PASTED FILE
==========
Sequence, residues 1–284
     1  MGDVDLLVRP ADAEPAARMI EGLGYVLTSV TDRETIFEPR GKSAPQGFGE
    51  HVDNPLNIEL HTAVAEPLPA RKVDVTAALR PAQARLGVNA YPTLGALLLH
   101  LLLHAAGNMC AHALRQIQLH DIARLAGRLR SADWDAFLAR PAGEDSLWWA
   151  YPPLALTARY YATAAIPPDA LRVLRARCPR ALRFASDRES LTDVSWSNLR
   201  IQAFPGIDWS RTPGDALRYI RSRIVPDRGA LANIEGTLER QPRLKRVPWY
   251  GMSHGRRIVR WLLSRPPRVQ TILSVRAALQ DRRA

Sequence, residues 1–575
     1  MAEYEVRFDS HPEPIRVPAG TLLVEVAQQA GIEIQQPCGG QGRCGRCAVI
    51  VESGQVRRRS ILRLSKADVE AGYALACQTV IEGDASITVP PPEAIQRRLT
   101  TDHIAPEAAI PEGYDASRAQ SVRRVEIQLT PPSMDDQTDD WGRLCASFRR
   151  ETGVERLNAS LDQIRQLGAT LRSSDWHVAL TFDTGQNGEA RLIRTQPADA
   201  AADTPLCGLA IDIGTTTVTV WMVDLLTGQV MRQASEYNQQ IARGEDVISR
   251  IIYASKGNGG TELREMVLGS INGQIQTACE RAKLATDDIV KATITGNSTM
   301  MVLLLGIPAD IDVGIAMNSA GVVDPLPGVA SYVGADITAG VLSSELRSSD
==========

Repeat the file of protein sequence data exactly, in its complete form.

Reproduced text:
Sequence, residues 1–284
     1  MGDVDLLVRP ADAEPAARMI EGLGYVLTSV TDRETIFEPR GKSAPQGFGE
    51  HVDNPLNIEL HTAVAEPLPA RKVDVTAALR PAQARLGVNA YPTLGALLLH
   101  LLLHAAGNMC AHALRQIQLH DIARLAGRLR SADWDAFLAR PAGEDSLWWA
   151  YPPLALTARY YATAAIPPDA LRVLRARCPR ALRFASDRES LTDVSWSNLR
   201  IQAFPGIDWS RTPGDALRYI RSRIVPDRGA LANIEGTLER QPRLKRVPWY
   251  GMSHGRRIVR WLLSRPPRVQ TILSVRAALQ DRRA

Sequence, residues 1–575
     1  MAEYEVRFDS HPEPIRVPAG TLLVEVAQQA GIEIQQPCGG QGRCGRCAVI
    51  VESGQVRRRS ILRLSKADVE AGYALACQTV IEGDASITVP PPEAIQRRLT
   101  TDHIAPEAAI PEGYDASRAQ SVRRVEIQLT PPSMDDQTDD WGRLCASFRR
   151  ETGVERLNAS LDQIRQLGAT LRSSDWHVAL TFDTGQNGEA RLIRTQPADA
   201  AADTPLCGLA IDIGTTTVTV WMVDLLTGQV MRQASEYNQQ IARGEDVISR
   251  IIYASKGNGG TELREMVLGS INGQIQTACE RAKLATDDIV KATITGNSTM
   301  MVLLLGIPAD IDVGIAMNSA GVVDPLPGVA SYVGADITAG VLSSELRSSD